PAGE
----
"There are no secrets to success. It is the result of preparation, hard work, and learning from failure."
“I always wanted to serve in the military.”
Service seems to be a calling for 2LT Rieger who says it is more than a job. He views it as a “profession you live 24/7” and he feels the extra responsibility that comes with being in a leadership role. With early aspirations of being a military officer, 2LT Rieger took advantage of his time at Episcopal to prepare himself for the journey ahead. “Episcopal set me up well,” he says. During his senior year, 2LT Rieger served as the school’s Student Body President and the captain of the football team. In order to be ready for the physical demands of West Point, the former lineman lost 50 pounds and maintained a high level of physical fitness. He remained determined even when he was not initially accepted into the academy because of previous injuries he experienced as an athlete. Undeterred, he enrolled at LSU and spent a year healing. The next year, his dream became a reality and he enrolled at West Point.
Upon arrival at the academy, 2LT Rieger found himself well equipped for the challenging academics. He had no problem with courses such as chemistry, calculus, physics and coding because of his Episcopal experience. He says his skills in the French language especially set him apart from the other cadets. 2LT Rieger credits the Episcopal French exchange with boosting his aptitude and sparking his interest in the language. He continues to benefit from that early exposure even now. In 2018 while studying in Paris, 2LT Rieger participated in the WWI Armistice Centennial ceremony. In addition, he had the opportunity to serve as a French translator in Gabon, Africa in support of a counter-poaching training mission, an experience that is now a favorite from his time at West Point. For three weeks, 2LT Rieger and his team lived primitively among an army team in what he describes as “the middle of nowhere. It gave me a new appreciation for working with limited resources,” he says. He also says the experience was truly inspiring as he saw the commitment residents had to their country and making a difference. It is a commitment that he shares as he looks toward a life of service.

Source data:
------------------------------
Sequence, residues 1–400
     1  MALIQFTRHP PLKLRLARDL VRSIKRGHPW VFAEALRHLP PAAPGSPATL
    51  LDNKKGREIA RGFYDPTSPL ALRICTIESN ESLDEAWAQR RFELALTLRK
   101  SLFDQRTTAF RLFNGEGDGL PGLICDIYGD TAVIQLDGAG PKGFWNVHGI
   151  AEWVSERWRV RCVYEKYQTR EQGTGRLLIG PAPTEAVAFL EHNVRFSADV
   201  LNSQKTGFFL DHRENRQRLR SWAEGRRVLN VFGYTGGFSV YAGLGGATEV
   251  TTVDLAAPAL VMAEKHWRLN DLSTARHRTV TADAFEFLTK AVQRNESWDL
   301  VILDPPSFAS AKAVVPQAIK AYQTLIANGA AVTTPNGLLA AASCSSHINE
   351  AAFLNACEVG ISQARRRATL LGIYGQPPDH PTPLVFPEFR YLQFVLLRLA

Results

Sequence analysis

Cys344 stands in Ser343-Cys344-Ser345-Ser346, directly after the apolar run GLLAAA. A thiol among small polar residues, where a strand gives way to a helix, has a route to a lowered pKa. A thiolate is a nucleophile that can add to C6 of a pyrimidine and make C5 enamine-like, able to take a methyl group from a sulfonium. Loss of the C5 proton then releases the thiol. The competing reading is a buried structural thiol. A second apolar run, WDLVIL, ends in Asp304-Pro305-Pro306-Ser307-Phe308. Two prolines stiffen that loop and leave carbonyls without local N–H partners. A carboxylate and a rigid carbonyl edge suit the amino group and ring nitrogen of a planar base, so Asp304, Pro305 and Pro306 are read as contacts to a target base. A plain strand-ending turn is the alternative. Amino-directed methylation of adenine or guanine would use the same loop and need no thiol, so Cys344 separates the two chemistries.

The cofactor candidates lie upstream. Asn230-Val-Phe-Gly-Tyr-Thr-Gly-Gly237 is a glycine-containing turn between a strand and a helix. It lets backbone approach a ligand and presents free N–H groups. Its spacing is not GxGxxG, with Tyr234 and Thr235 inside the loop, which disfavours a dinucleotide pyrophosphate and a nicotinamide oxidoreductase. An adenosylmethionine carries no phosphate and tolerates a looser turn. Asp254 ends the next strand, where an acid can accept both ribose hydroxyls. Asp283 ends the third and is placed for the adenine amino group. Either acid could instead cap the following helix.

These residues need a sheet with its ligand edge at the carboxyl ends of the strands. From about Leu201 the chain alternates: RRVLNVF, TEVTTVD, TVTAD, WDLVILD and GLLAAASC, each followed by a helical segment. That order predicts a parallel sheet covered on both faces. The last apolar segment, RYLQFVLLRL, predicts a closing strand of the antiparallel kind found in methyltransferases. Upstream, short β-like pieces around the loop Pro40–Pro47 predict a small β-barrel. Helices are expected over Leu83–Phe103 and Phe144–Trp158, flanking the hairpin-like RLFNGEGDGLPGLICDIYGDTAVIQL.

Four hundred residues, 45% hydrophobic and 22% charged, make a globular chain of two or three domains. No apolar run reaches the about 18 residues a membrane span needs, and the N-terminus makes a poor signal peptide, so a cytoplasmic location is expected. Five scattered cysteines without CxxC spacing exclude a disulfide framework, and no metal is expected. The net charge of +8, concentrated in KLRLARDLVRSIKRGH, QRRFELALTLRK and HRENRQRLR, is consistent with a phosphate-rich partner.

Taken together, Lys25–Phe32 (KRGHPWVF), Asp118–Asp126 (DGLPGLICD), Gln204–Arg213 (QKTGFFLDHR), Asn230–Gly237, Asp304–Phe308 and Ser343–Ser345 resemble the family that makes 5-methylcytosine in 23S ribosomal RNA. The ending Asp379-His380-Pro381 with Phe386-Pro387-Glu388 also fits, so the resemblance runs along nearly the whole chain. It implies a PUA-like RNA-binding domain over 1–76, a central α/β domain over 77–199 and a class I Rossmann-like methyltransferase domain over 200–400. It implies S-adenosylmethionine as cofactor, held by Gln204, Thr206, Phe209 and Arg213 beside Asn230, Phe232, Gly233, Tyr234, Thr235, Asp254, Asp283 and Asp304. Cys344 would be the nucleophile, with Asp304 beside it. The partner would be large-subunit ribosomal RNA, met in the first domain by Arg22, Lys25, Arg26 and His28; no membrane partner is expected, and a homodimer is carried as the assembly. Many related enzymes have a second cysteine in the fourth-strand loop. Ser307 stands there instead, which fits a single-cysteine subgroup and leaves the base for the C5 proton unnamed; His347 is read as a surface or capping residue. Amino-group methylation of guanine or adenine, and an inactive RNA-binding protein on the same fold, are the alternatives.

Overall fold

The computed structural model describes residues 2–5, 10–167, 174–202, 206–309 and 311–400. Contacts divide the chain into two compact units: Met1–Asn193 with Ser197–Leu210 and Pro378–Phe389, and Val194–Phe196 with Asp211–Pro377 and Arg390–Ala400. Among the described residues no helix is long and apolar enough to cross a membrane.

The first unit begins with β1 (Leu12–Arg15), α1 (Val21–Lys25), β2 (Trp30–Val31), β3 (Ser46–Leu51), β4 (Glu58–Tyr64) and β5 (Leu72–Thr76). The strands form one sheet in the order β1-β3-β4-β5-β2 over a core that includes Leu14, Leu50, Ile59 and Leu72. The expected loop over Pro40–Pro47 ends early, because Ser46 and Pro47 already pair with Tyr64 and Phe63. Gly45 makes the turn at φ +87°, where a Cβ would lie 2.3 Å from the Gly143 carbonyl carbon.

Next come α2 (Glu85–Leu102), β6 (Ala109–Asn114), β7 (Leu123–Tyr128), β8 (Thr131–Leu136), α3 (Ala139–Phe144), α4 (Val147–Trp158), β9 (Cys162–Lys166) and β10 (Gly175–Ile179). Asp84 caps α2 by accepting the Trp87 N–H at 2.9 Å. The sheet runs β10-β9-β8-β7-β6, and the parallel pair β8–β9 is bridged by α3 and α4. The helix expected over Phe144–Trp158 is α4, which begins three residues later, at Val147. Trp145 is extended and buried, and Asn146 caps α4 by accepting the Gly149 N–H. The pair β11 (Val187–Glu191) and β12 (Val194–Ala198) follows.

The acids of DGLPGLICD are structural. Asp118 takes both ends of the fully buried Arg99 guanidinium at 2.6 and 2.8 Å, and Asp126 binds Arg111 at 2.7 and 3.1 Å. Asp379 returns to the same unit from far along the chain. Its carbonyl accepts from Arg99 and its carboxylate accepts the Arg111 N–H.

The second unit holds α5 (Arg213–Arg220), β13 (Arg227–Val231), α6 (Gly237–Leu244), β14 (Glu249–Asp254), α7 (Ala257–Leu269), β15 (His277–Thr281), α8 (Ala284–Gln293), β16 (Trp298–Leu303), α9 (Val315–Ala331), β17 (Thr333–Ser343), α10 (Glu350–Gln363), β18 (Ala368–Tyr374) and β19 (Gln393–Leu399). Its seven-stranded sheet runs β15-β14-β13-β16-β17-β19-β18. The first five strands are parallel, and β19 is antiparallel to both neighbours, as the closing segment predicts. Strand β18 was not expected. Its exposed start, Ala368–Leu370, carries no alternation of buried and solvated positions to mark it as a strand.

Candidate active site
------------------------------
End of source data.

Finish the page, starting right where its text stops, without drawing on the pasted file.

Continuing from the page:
“They instilled a level of grit in me.”
2LT Rieger’s first experience as an Episcopal athlete was as the ball boy in third and fourth grade. His father and sister are both Episcopal graduates, and 2LT Rieger says early on he also fell in love with the school and the aura and mentality he discovered there. After his initial experience with Episcopal athletics, 2LT Rieger became a key member of the Knights football, baseball and soccer teams. He says there were countless lessons he learned from coaches Travis Bourgeois, Randy Richard and Wally Stevens. One lesson instilled by Bourgeois particularly stands out for 2LT Rieger. “Overcoming adversity was the biggest thing I learned from him.” 2LT Rieger has already used this lesson to overcome tragedies and hardships as he pursues his dreams. No doubt, the lesson will also serve him well in future endeavors.
2LT Rieger has worked hard in and out of the classroom to position himself well for the future. He earned a spot in the Army’s aviation unit and begins training to be a helicopter pilot this summer. Eventually, he hopes to fly an attack helicopter to transport Special Forces units. “I want to do what I can for my soldiers,” he says.
2LT Rieger is appreciative of the teachers and coaches at Episcopal who helped him accomplish so much in five short years. “My success is a tribute to their hard work,” he says. We thank 2LT Rieger for his willingness to serve and we applaud him for the preparation, determination and grit he exhibited to make that dream a reality. Congratulations!